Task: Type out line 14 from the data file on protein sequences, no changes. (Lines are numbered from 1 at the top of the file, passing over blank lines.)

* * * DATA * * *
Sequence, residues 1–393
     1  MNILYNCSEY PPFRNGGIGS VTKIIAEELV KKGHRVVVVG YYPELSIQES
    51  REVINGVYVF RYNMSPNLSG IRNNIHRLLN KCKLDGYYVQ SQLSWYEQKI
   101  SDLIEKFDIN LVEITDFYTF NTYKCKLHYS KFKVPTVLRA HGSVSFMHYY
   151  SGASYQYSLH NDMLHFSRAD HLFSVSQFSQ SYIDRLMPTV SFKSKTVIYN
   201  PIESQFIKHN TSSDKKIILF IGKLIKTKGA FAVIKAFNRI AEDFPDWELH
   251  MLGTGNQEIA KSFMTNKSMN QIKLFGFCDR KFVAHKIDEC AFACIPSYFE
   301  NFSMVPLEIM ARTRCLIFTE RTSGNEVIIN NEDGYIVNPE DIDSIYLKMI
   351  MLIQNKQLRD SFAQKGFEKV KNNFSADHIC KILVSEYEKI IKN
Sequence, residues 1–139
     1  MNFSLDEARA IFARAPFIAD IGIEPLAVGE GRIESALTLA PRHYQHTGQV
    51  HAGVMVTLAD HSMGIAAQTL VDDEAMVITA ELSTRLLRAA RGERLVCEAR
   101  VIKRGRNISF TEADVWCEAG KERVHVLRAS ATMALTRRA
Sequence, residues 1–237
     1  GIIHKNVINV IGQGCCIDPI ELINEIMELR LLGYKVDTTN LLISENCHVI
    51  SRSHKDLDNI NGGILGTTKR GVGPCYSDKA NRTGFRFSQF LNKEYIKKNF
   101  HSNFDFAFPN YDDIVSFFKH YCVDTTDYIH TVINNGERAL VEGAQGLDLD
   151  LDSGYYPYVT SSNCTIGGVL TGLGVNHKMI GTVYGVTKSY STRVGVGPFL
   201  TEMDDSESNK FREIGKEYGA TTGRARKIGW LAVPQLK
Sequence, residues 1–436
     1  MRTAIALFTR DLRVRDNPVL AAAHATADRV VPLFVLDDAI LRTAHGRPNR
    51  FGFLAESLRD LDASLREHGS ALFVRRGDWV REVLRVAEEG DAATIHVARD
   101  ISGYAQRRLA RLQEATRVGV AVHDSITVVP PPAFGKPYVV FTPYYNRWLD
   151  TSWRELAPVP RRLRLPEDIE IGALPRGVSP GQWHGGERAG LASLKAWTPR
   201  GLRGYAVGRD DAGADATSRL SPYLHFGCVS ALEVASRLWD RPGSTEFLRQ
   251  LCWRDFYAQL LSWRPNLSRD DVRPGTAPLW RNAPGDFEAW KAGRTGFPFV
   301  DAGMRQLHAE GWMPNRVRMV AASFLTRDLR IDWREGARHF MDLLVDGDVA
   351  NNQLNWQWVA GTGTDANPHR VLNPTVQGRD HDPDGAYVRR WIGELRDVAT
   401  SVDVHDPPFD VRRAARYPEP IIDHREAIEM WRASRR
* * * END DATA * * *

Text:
Sequence, residues 1–237